Almost unnoticed, the front-runners were being challenged by Billy Martin, a furniture dealer from New Jersey, in Bounty Hunter, a boat notorious for engine problems. So notorious that Martin had elected to drop 200 horsepower before the race to ease mechanical pressures. Martin plunged and leaped along, throttling the boat and leaving the driving to a crew member. Nearing the shore, Martin got lost, roared in among some spectator boats but got back on course. He had not missed any checkpoints, not hit anything, and soon was waving and looking backward at the rest of the field. Thumbs were up on Bounty Hunter.

Cook was a minute behind. Earlier she had momentarily lost control of her boat, coming upon two whales and swerving at the last minute. Whales had been a concern because it was migration time. Later, a pleasure boat got within a few feet of Cook. "It wasn't really close," said navigator Holloway. "We missed them by five feet." Meanwhile, Martin kept on waving and looking unbeatable.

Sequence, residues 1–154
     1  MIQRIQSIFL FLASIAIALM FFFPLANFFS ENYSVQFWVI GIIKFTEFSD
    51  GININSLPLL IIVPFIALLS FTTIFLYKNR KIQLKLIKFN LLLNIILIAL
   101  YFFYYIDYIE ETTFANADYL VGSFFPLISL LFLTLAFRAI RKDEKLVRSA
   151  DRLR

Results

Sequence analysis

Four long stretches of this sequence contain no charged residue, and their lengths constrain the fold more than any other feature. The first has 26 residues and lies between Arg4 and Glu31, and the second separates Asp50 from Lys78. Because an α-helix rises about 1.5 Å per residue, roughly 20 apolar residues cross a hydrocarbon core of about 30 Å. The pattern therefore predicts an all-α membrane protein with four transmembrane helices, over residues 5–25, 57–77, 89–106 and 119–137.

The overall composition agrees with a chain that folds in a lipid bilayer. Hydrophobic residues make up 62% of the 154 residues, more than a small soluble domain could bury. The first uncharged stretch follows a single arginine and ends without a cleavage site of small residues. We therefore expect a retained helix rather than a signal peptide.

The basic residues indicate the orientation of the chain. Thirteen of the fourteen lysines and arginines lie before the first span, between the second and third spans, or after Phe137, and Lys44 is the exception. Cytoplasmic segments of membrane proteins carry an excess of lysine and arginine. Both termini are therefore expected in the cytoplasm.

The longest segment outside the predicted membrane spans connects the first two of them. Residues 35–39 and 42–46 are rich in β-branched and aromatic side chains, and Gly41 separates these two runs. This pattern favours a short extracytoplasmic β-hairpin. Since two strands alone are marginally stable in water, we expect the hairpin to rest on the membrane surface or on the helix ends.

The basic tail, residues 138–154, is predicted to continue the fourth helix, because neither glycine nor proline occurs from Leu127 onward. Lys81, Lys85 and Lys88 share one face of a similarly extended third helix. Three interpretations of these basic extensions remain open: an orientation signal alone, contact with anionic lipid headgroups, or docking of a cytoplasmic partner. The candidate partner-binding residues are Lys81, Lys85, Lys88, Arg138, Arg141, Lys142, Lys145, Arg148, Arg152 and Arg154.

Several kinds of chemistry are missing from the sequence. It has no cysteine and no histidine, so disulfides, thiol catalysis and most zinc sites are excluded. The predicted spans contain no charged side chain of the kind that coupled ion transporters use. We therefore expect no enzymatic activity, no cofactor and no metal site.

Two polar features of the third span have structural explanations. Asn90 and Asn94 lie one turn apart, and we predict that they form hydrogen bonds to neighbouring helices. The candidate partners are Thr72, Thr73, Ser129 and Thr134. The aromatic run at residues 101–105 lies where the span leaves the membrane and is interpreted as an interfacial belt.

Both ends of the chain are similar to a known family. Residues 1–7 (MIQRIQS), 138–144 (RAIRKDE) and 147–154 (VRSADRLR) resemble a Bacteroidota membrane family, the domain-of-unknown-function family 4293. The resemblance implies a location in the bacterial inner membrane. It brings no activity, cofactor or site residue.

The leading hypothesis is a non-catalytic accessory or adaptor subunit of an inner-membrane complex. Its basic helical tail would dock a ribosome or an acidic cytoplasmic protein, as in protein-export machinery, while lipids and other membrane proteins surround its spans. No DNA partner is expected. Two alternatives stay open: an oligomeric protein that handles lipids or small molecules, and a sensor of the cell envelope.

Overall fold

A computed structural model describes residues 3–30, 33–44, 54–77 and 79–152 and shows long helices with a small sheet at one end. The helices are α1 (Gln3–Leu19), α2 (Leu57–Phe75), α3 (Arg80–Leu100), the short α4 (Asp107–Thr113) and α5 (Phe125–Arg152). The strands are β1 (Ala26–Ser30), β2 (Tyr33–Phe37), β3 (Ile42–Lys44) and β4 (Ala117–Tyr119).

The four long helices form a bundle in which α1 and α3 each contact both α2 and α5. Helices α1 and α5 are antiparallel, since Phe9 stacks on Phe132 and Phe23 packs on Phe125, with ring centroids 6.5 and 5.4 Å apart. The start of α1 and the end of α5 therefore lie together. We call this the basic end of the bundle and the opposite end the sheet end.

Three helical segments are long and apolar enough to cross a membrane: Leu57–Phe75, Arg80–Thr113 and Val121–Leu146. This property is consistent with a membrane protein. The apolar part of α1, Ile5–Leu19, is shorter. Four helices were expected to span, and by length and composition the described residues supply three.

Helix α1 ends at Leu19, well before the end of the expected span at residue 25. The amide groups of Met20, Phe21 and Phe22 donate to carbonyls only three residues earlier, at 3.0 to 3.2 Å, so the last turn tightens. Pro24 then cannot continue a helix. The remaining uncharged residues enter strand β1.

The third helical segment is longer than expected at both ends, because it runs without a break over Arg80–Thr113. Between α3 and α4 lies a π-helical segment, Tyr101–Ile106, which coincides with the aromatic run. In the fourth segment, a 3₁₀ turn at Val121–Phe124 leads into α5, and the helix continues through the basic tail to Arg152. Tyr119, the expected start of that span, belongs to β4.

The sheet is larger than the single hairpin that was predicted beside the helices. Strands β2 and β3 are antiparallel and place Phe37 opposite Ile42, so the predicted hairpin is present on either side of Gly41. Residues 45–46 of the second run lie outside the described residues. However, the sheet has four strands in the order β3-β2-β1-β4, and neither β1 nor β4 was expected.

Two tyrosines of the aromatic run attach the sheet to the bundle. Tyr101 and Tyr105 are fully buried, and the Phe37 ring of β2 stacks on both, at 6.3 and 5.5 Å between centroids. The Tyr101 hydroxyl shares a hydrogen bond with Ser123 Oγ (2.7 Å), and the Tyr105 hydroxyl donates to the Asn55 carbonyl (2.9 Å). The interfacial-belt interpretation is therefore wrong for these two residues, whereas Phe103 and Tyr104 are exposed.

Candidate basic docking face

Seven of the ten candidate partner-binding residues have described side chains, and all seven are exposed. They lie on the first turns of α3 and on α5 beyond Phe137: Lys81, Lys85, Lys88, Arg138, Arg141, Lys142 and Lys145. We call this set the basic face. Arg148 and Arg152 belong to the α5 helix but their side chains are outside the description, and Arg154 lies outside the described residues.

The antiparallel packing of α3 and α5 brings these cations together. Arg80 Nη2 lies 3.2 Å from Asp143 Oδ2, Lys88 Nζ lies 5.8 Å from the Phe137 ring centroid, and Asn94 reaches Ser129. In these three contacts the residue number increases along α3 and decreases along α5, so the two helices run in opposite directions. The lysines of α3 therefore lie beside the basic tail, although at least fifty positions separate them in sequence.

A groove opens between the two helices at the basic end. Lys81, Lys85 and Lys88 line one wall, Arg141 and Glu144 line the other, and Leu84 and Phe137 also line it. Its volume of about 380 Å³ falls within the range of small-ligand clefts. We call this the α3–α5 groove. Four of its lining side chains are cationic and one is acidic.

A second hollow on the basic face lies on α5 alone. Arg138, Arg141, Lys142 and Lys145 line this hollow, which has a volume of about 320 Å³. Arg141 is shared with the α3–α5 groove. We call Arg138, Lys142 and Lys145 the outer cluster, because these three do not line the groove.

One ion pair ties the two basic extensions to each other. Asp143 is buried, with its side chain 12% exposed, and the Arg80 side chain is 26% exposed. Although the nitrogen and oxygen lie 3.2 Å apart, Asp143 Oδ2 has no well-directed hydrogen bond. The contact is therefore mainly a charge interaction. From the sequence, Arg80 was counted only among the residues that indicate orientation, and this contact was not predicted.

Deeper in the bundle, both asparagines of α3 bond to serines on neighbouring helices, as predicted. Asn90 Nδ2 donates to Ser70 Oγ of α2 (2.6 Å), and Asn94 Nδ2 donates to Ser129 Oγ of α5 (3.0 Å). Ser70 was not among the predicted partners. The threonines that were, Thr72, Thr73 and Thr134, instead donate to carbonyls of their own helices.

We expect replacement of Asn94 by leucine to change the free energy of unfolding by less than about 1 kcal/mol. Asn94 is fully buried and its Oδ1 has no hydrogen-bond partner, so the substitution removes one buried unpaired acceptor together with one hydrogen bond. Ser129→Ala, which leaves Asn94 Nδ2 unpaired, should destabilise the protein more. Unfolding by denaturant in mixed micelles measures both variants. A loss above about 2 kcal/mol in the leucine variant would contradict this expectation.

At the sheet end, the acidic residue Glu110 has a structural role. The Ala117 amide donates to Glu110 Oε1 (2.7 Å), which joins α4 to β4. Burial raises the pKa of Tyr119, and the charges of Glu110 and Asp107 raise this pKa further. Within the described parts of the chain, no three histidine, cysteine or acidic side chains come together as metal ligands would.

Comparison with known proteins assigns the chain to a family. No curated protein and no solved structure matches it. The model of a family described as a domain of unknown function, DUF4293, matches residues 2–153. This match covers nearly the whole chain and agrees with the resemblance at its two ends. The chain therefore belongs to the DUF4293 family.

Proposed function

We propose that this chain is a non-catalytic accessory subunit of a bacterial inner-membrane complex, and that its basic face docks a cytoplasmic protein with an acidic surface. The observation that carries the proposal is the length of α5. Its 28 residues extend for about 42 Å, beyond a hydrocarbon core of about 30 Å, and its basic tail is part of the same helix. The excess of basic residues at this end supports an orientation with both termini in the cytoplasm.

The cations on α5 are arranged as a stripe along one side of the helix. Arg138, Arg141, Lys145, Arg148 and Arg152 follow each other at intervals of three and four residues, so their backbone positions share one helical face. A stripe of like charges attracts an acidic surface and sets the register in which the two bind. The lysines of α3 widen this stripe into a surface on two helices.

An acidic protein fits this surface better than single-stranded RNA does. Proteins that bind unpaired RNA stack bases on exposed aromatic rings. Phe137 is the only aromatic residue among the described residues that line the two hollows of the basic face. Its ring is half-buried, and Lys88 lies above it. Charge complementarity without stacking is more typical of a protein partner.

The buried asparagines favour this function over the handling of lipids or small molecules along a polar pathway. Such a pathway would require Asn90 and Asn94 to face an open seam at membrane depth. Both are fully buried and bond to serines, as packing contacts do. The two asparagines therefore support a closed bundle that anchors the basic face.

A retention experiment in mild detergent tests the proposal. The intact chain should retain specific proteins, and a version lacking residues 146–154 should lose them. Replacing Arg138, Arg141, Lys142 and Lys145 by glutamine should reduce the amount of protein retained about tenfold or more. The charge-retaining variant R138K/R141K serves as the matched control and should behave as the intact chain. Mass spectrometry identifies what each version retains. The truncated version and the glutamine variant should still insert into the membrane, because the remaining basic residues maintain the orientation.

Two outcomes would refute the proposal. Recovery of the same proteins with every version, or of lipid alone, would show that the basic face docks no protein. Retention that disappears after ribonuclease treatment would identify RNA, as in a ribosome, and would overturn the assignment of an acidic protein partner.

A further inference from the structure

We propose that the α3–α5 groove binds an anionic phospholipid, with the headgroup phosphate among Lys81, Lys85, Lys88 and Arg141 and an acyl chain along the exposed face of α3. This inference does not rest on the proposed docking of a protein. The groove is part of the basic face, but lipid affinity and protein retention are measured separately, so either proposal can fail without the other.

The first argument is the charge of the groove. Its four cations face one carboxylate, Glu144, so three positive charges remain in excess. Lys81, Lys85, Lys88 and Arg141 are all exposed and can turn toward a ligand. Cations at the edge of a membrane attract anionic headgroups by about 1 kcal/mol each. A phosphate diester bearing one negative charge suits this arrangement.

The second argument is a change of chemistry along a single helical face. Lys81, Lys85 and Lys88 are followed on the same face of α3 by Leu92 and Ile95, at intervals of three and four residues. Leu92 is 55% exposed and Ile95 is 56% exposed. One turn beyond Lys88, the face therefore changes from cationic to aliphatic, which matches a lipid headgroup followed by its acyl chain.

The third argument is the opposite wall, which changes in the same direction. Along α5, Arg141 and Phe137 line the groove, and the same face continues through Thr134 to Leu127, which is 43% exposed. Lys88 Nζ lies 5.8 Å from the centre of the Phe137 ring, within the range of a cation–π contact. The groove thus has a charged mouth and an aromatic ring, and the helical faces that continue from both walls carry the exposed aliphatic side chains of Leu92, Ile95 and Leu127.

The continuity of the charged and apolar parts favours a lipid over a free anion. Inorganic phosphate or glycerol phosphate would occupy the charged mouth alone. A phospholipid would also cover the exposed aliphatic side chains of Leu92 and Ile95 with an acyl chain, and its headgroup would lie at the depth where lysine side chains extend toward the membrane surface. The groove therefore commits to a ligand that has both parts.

But at the 12th of the 14 checkpoints, officials on the watching boat never saw Martin; they did see Cook. Then, four miles from the finish, an engine on the Cook boat blew. Holloway frantically jumped down among the engines but throttleman Connor signaled him forward. Connor's thinking was that since the boat was still going, albeit at 60 mph instead of 80 or so, Holloway's weight on the bow would be enough to keep the boat on plane and avoid the time-consuming standard remedy—switching propeller blades so the boat could run effectively on one engine. Sprawled on the nose of Kaama, Holloway hung on as the proud boat limped and stumbled along, at times at 10 mph.